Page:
Monday, July 17, 2017

It was Seoul Gay Pride this past weekend, and I was so happy to go check out the festivities.

When I got off the subway at the City Hall stop, I wasn't sure what to expect. I was elated to see people within the station with pride flags painted on their faces and other visible signs of support for the cause. But I have to be honest in saying that I was also surprised by the number of protesters I saw as soon as I surfaced above ground.

There was a large counter demonstration across the street from where the festival was being held. They also had a huge screen set up to broadcast whoever was speaking on the stage, and that made it both pretty visible and audible from the side where I was standing. At that moment I arrived, there was such anger and vitriol in that specific speaker's voice. I was truly taken aback by it. He was an older gentleman, angrily screaming at the top of his lungs as it echoed everywhere. I could hear the graininess that seemed to come from losing his voice as a result of yelling so loudly. Then on the side of the street where the festival was being held, all I saw was a wall of police officers standing on the sidewalk to keep other protestors from getting too close to passersby as they made their way towards the entrance. I could feel my blood boiling as I had to walk by them and listen to their furious shrieks and protests. They waved their big signs in the air and howled with passion while preaching about how LGBTQ people are less than. They showed so much rage, but everyone who had to endure their hatred did not. Most people simply ignored them or walked by with smiles and excitement for what the day meant.

When I finally made my way into the festival, the vibe was completely different from what was going on outside. There was nothing but love, happiness, and celebration. There were so many people, with a large presence of foreigners as well. Being within the space instantly made me forgot about all the mess that was happening outside, and I happily walked around alone to soak it all in.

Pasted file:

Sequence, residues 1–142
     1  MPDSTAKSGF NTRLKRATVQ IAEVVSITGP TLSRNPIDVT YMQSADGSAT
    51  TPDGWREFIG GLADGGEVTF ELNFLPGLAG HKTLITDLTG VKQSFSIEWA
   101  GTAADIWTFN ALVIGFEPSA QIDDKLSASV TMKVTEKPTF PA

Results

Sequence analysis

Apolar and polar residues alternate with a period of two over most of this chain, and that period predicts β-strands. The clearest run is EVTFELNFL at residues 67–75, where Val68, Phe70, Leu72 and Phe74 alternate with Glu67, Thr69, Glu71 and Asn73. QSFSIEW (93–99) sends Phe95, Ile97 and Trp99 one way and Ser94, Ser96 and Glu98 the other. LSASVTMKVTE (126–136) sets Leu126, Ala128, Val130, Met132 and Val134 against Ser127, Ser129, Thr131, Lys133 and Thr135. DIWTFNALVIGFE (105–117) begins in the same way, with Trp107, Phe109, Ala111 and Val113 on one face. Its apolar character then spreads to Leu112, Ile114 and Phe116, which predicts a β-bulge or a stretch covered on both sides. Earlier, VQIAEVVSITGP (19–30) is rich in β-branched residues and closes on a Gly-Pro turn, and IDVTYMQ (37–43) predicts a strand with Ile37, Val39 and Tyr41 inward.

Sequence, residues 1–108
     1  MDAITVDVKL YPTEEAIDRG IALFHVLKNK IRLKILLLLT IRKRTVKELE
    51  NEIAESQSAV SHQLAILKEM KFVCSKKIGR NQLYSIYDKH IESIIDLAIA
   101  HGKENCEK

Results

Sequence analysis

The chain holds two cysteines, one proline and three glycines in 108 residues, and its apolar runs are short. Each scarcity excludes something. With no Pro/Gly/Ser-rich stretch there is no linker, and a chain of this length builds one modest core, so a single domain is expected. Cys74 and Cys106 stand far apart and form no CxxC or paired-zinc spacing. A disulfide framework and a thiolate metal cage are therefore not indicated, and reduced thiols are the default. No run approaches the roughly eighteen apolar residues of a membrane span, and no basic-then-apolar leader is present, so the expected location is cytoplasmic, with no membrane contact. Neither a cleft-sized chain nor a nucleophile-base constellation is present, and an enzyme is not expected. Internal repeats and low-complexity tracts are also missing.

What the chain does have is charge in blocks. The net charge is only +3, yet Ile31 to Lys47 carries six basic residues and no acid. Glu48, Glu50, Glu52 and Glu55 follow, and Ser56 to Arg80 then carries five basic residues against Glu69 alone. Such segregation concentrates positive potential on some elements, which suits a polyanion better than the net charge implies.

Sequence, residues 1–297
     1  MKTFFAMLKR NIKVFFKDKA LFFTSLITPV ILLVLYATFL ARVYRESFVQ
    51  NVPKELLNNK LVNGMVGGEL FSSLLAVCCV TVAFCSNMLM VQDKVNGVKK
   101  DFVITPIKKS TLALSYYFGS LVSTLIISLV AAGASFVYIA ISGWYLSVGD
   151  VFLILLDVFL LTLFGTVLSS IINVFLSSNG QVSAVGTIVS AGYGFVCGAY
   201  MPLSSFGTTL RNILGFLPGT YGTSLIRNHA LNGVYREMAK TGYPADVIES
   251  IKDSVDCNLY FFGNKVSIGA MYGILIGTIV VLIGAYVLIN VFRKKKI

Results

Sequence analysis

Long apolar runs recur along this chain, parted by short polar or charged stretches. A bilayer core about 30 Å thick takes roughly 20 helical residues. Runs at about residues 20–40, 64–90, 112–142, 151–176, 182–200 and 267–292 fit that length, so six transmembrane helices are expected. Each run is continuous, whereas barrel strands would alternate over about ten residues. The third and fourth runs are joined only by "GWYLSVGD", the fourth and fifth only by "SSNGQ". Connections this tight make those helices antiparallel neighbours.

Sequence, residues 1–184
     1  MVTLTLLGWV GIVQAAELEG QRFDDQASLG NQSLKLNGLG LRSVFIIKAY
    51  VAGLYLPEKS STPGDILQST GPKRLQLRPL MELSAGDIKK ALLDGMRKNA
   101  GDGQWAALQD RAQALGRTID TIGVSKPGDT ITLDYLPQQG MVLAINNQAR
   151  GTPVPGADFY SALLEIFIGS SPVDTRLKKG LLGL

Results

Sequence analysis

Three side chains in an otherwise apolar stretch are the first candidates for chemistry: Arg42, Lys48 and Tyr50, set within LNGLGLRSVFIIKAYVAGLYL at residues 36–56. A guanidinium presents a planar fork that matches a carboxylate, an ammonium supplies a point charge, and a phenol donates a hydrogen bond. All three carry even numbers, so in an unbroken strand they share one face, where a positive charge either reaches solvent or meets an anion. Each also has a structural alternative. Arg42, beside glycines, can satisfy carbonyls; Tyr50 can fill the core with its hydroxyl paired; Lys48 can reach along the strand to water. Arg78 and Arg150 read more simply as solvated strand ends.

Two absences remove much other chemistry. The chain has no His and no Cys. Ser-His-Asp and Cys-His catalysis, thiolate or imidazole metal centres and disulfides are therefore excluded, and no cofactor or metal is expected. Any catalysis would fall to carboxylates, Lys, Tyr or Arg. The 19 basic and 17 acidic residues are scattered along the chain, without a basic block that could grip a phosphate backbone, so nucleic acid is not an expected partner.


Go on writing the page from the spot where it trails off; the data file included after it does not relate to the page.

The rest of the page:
The actual parade took place outside of the festival area on a main street of Seoul. And I was fortunate to have perfect timing to witness the entire thing. I can't tell you how moved I was in seeing the thousands of people marching. Young. Old. Straight. LGBT. Korean. Non-Koreans. The diversity in everyone amazed me. All I thought was, where are all these people living and going out to? I didn't realize there was such diversity here, especially among the LGBTQ community. There were way more people actually marching in the parade than watching it as a spectator, which only made me think that people didn't just want to watch it, but they instead wanted to be a part of the movement. Seeing it all almost moved me to tears. It was very emotional and heart-warming. It was parade float after parade float that was filled with swarms of joyful people in between.

Towards the end of the day, the feelings I had from seeing all of the protestors were overcome by the warmth and love I felt from all of the supporters. I have to say that the Seoul Police Department did an excellent job in maintaining order and keeping angry protestors from getting too close to festival goers. I was extremely grateful for that. Overall, it was a memorable Pride. Korean society still has a ways to go in regards to accepting LGBTQ people, but they're definitely on their way there. And the amount of love, support, and LGBTQ allies from the weekend truly did show that.

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